On November 1917, Dr. Alice Paul and her fellow suffragists were beaten and tortured for seeking the right to vote. These courageous women experienced unbelievable terror at Occoquan Prison on November 14, 1917 known as “The Night of Terror. They were force fed food through tubes that was infested with roaches, insects, maggots, and traces of rodents. The only crime these women committed, to receive this inhumane torture, was ask for the right to vote in America.
Who was Dr. Alice Paul?
Dr. Alice Paul was the leader of these brave women. She was born on January 11, 1885 and died on July 9, 1977. She was a Quaker, highly educated, an American feminist, suffragist and one of the key people who orchestrated the campaign to pass the Nineteenth Amendment to the U.S. Constitution, women’s right to vote.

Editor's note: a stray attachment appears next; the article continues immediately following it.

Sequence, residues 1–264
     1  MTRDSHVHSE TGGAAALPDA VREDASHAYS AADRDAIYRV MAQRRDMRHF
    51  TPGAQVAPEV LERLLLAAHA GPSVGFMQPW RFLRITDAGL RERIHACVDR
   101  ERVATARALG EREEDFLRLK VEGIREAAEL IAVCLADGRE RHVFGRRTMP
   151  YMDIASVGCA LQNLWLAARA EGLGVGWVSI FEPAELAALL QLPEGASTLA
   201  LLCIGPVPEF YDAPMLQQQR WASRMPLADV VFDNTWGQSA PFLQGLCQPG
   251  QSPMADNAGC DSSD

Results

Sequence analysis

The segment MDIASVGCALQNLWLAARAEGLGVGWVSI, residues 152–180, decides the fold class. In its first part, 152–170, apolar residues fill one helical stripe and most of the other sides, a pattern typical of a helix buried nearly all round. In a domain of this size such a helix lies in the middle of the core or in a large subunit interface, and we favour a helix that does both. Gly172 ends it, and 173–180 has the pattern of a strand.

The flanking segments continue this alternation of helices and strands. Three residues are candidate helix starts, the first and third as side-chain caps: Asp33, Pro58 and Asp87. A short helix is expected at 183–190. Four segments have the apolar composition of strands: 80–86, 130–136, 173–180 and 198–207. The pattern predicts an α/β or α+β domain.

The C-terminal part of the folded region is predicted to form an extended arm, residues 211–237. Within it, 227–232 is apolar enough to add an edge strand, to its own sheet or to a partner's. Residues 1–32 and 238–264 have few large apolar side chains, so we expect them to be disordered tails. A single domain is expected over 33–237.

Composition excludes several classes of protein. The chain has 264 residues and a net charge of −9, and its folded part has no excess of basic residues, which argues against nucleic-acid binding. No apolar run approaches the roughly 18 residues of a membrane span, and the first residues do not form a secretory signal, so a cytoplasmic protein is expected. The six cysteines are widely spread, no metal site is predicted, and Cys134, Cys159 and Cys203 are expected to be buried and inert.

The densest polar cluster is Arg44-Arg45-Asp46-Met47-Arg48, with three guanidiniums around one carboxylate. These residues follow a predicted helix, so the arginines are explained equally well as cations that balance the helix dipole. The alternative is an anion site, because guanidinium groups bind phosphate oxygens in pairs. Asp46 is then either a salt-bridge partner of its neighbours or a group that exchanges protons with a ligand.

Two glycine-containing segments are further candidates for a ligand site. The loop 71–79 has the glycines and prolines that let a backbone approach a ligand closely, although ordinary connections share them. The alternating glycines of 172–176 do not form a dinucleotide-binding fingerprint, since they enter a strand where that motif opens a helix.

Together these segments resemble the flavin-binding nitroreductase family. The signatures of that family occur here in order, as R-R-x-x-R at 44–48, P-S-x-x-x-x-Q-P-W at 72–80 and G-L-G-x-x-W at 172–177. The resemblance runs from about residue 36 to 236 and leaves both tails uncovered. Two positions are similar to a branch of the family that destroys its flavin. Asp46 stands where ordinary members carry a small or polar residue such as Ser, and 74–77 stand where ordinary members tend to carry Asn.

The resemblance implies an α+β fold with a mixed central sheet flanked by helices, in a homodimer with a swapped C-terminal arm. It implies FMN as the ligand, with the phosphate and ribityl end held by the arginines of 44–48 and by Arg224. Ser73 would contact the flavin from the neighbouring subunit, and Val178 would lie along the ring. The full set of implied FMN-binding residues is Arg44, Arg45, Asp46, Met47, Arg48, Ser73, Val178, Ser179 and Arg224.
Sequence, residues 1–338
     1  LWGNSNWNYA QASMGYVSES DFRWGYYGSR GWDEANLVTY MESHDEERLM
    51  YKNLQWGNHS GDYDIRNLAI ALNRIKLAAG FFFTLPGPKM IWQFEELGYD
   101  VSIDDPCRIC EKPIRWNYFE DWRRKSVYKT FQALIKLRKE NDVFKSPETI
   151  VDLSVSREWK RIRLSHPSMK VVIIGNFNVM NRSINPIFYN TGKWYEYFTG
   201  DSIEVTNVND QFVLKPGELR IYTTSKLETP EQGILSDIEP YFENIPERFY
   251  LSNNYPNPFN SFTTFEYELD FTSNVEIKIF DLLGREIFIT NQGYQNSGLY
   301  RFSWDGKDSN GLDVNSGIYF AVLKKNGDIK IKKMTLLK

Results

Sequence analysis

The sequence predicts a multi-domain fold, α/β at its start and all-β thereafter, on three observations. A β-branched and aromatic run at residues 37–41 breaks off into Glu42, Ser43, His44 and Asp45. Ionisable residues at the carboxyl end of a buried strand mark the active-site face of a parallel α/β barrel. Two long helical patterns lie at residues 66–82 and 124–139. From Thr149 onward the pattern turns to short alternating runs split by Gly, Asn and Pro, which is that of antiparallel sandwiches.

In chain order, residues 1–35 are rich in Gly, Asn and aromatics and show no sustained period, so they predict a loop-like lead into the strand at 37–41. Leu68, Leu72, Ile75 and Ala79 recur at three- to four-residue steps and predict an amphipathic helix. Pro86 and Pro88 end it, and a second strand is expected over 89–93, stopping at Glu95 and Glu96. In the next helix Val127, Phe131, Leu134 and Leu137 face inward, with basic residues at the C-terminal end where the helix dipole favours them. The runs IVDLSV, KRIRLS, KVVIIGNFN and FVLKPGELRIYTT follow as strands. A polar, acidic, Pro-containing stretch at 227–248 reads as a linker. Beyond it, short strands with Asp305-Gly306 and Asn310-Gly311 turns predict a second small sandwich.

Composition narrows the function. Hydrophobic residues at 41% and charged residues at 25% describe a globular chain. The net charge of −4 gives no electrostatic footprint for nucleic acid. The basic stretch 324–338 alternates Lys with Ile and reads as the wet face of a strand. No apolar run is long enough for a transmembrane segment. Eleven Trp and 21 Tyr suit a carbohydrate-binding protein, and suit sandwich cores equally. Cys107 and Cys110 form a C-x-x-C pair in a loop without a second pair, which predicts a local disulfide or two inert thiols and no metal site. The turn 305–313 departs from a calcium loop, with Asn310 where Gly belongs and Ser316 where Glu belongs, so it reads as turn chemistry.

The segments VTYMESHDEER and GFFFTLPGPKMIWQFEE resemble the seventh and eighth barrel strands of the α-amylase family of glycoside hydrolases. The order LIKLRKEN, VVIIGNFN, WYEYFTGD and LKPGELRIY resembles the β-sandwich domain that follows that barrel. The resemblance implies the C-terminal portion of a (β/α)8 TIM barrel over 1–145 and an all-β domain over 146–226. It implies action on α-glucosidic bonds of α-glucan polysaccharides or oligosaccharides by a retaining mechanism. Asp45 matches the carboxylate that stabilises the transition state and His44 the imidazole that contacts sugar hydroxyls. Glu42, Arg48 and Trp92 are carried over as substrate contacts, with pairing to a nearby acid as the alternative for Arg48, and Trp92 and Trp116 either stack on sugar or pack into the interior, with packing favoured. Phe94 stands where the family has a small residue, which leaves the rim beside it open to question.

Alice Paul founded the Woman’s Party in 1916 to pass the 19th Amendment. She was a brilliant strategist. Paul’s strategy for passing this amendment was civil disobedience. Paul was arrested seven times and imprisoned three times. She traveled to Europe to learn the tactics of civil disobedience from the suffragettes there. Her mentor was Emmeline Pankhurst. She learned that civil disobedience gathered quite a bit of press and exposure to the public.
After the American public learned about the “Night of Terror,” they were outraged. This horrible event helped gather public support for the movement giving women the right to vote. After many years of tireless work, sacrifice, suffering, perseverance, arrests and imprisonments, the 19th Amendment was ratified on August 18, 1920.
A great read is A Biography of Alice Paul, A Woman’s Crusade, by Mary Walton.